Red Headed Stranger
Billy Bobs, TX

Sharrona,

I've read the scriptures you cited in Hebrews, in multiple translations, and I cannot see any justification for the statement "Temple support is making Christ’s sacrifice of no effect." In fact, such a statement shows a fundamental misunderstanding of the function of a temple.

There was much more to the ancient temple than just the ritual killing of animals. The molten sea, the Holy place with the table of shewbread and wine, the menorah, the incense burner, the veil and in the Holy of Holies the ark of the covenant, representing the throne of God. Sacrifice was the "price of admission", but certainly not the whole purpose.

The Hebrews instead refers only to the ritual killing of animals, not to the concept of sacrifice in general. We are to be living sacrifices, (Romans 12:1, Hebrews 13:15-16).

A temple is a place of learning how to return to the presence of God. Read Psalms 24, in particular verse 6. That psalm talks about creation, the holy place, living with clean hands and then receiving blessings. A generation or circle of those that seek the face of the God of Jacob, and the opening gates.

Craig Clark
Boulder, CO

The type of temple worship practiced by Mormonism has no ancient precedent under the law of Moses that would make it something that needed to be ‘restored’ as Mormons like to put it. The purpose of Solomon’s temple as explained in the Bible was to house the ark of the covenant. In Jesus’ time, the temple was consecrated for Jewish sacrificial ritual. Efforts to link Masonic temple practices with Solomon's temple are given no credence by modern scholarship. Mormon scholars for obvious reasons would like to establish such a link.

The Scientist
Provo, UT

Craig Clark is mostly right. The ancient Jewish Temple was also where what became the "Passover Seder" was carried out to remind Jews of the Exodus and their identity as a nation. LDS apologists try to fabricate embellishments of this history to concoct a connection. Real scholars recognize and dismiss such pseudo-scholarship for what it is.

J.D.
Aurora, CO

I appreciate what Marlin K. Jensen said about the temple when talking during the "rescue Sweden campaign". He said you have to go several times before it eventually makes sense.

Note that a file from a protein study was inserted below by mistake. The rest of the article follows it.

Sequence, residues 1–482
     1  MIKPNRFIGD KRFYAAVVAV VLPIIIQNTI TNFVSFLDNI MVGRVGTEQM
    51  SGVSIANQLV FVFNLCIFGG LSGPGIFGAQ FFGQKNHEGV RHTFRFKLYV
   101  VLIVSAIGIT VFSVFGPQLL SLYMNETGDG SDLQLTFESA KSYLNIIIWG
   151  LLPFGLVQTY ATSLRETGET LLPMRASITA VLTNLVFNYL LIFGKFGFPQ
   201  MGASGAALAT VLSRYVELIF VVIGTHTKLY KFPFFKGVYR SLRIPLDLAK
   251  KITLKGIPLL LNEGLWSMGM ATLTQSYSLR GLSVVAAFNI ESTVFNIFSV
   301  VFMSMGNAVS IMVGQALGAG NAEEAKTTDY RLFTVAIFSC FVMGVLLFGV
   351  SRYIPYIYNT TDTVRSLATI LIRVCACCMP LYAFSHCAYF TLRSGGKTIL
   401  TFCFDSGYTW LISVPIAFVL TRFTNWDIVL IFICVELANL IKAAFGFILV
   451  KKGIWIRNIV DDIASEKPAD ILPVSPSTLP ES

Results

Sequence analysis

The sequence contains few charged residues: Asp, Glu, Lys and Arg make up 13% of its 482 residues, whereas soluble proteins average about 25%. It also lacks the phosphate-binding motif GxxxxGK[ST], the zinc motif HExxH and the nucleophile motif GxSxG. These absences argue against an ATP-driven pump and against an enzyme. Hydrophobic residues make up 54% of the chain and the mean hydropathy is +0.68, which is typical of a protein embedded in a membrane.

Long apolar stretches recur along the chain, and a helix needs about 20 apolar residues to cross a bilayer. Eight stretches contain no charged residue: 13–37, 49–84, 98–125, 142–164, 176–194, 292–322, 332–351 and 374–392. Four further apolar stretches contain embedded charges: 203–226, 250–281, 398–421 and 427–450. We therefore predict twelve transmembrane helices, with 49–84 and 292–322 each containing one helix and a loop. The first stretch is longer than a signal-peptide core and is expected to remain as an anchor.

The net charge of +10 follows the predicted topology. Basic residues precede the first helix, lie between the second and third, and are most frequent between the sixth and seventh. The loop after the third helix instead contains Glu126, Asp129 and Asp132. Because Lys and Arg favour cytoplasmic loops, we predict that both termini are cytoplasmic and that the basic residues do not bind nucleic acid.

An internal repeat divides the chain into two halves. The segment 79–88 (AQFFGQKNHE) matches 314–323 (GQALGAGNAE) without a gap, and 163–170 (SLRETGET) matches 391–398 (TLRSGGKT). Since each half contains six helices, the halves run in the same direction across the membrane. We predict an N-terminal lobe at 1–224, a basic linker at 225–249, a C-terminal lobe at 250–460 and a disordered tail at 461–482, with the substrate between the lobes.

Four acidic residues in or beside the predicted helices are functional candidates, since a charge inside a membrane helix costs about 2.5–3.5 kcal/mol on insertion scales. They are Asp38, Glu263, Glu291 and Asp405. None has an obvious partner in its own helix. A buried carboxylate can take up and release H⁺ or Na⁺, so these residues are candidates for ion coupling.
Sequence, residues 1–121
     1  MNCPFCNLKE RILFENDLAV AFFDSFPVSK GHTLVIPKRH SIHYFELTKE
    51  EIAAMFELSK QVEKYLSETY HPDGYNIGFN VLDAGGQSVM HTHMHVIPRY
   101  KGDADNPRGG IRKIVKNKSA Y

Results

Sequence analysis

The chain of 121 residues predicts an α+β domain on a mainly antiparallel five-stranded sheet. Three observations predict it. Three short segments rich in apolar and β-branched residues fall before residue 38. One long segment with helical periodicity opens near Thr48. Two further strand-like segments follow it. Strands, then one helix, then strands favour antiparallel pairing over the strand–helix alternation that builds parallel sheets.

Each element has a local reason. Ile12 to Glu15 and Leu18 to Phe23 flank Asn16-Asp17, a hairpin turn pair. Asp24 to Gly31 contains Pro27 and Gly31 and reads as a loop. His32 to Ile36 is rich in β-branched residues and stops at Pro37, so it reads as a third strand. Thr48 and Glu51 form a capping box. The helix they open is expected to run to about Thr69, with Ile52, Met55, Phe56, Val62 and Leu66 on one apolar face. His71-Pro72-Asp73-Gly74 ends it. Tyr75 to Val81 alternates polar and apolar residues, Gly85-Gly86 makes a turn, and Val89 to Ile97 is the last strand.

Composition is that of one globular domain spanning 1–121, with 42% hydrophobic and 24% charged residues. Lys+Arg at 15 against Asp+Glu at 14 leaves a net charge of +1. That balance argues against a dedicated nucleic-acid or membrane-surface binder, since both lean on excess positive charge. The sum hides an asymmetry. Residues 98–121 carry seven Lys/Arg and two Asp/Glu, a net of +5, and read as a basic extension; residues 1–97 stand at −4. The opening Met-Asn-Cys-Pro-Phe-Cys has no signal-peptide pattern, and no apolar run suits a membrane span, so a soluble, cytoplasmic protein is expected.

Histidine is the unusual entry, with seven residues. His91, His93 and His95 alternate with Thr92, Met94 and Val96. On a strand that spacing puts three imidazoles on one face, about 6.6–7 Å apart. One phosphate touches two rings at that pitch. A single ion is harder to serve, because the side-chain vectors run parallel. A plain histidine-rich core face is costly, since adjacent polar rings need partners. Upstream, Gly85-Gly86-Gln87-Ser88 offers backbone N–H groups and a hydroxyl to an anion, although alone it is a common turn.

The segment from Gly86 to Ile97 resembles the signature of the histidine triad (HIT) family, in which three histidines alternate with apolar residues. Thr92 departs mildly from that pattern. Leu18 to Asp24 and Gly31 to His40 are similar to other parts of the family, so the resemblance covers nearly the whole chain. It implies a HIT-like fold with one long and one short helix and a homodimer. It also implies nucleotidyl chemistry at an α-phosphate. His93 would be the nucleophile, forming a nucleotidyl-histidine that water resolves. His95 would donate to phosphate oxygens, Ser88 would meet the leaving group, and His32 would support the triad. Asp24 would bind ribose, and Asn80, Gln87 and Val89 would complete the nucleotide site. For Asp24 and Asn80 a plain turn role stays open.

Twin Lights
Louisville, KY

The temple is like the parables. Seemingly simple but with multiple layers of meaning. We "discover" those meanings as we revisit the temple just as we do when we reread the parables.

But I daresay that one of the key reasons folks attend is to gain the peace available there - the less fettered access to the Holy Ghost and the mind of God.

sharrona
layton, UT

RE: Red Headed Stranger, This is what he meant when he said that one greater than the temple has come! Jesus Christ. It is in Christ’s church–as Jesus’ mystical body–that we find the fulfillment of the O. T. prophecies regarding Jerusalem and the Mountain of the Lord.

The promise of a land, will be fulfilled in a new heaven and earth in the consummation (cf. Romans 4:13; Hebrews 11:9-10). The N.T. teaches that Christ is the New Temple . Christ’s body is the true temple .

Paul, “For we are the temple of the living God” (2 Cor 6:16)–what use remains for a future literal temple? That to which the temple had pointed, is now a reality through the work of the Holy Spirit.

RE: Twin Lights, don’t let anyone criticize you for what you eat or drink(TR), or for not celebrating Jewish holidays and feasts or new moon ceremonies or Sabbaths. For these were only temporary rules that ended when Christ came. They were only shadows of the real thing—of Christ himself.(Col 2:16-17)

Twin Lights
Louisville, KY

Sharrona,

When did I mention anything about what we eat or drink or new moon ceremonies?

As to the temple, for something that was of no value once Christ came he himself clearly placed high value on it. Also the 12 even after his death and resurrection. Why?